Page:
Selections from Open Yale Courses are headed to print. As program director John Donatich explains, “At first glance, you might look at it skeptically and ask why would anybody pay for something that you can get for free. But on second glance you realize that it’s actually not the same thing at all.”
“A lot of writers are big readers. Very often, when you’re writing your day’s work, something you write will remind you of something that you read. And the thing that you read shines a kind of light on the sentences that you’re writing. So I think it would be very hard to write without having read a great deal.” Listen to Salman Rushdie chat with Paul Holdengraber about poetry, film, and his latest project. Liam Hoare writes on the implications of Rushdie’s fatwa.
When The New York Times tried to ask Jhumpa Lahiri what immigrant fiction inspired her, she smacked the question down by saying there is no such thing as immigrant fiction. "If certain books are to be termed immigrant fiction, what do we call the rest? Native fiction? Puritan fiction? This distinction doesn’t agree with me. Given the history of the United States, all American fiction could be classified as immigrant fiction."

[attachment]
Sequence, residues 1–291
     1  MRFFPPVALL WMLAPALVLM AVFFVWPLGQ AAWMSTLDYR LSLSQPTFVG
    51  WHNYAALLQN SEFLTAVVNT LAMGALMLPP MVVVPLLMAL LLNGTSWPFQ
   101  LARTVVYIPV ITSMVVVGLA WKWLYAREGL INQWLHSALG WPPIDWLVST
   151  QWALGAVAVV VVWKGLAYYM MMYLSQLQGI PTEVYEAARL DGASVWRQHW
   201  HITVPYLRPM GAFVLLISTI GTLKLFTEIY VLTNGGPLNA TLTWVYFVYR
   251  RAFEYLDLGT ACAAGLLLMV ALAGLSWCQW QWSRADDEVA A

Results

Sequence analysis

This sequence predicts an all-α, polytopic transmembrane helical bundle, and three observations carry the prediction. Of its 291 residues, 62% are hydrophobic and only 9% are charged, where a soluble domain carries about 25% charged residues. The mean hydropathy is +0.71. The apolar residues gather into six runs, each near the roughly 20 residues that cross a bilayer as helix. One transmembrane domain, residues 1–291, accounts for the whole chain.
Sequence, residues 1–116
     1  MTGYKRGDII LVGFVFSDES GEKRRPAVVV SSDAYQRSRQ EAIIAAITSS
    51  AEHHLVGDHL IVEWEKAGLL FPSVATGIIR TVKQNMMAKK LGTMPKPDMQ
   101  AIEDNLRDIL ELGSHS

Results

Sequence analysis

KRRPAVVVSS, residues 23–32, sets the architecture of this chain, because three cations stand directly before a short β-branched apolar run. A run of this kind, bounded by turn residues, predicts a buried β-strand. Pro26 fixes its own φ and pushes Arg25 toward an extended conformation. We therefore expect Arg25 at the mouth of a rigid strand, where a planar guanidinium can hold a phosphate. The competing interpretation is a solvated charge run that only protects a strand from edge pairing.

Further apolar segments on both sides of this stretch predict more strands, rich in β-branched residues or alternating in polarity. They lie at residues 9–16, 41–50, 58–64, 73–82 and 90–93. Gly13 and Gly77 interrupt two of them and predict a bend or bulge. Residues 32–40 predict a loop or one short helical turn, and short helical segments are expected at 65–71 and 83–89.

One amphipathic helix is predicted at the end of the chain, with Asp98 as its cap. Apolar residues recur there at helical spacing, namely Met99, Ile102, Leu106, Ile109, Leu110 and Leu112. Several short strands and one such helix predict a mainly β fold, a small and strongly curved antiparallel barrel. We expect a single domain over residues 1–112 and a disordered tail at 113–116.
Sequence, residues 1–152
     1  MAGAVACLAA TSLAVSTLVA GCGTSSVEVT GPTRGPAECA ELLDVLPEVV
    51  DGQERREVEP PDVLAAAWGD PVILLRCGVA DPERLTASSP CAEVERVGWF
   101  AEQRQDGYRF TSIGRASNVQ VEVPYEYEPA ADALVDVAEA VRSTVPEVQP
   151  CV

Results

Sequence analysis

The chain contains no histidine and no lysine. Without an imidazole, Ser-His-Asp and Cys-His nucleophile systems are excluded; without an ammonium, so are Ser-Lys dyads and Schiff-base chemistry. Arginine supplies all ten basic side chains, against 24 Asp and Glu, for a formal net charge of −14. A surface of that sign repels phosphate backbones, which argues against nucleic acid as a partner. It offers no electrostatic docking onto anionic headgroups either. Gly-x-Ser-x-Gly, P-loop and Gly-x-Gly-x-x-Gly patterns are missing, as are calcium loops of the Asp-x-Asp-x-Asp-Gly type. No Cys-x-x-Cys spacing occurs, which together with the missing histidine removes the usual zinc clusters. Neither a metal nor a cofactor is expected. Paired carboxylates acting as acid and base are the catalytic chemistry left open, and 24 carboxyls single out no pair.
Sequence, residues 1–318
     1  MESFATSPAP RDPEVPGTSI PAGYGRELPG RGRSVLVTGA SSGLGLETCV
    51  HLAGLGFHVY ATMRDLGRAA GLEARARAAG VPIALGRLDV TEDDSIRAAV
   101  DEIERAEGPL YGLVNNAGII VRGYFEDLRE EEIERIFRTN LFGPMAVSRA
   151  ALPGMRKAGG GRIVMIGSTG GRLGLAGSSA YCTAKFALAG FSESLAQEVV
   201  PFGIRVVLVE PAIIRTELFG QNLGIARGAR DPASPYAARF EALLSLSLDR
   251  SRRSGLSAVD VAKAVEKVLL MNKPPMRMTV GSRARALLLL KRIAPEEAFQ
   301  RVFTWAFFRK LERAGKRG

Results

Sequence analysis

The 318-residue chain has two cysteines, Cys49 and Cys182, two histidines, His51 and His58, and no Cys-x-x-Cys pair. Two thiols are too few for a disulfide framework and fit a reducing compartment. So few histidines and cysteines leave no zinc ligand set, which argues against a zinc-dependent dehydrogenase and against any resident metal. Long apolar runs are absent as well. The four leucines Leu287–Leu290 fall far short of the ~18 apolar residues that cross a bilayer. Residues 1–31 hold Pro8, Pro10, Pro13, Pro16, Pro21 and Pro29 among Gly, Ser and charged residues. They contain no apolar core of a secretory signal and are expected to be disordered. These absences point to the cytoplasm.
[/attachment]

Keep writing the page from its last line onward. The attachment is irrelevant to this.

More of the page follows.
This year marks the second anniversary of Asymptote, an international journal focusing on literature in translation. The staff is commemorating the occasion by hosting a series of events in eight different locales around the globe: Beijing, Barcelona, Berlin, Islamabad, Chicago, Taipei, Singapore and New York City. Folks attending The Big Apple’s event on January 20th will get to see Millions contributor Reif Larsen live in action alongside Cole Swensen, Paul Legault, Adam Sorkin, and Ariana Reines.
"Romance heroines hold jobs. They teach, farm, practice law, work independently as private detectives, or they are involved in the arts, in dance, in theater. They are mothers, ex-wives, Marines. They take up causes and they always want something 'more' from their lives—and we aren’t just talking about a partner. In today’s romance, the relationship is part of—and often, a catalyst for—a woman’s journey, not her destination." On the value of romance fiction.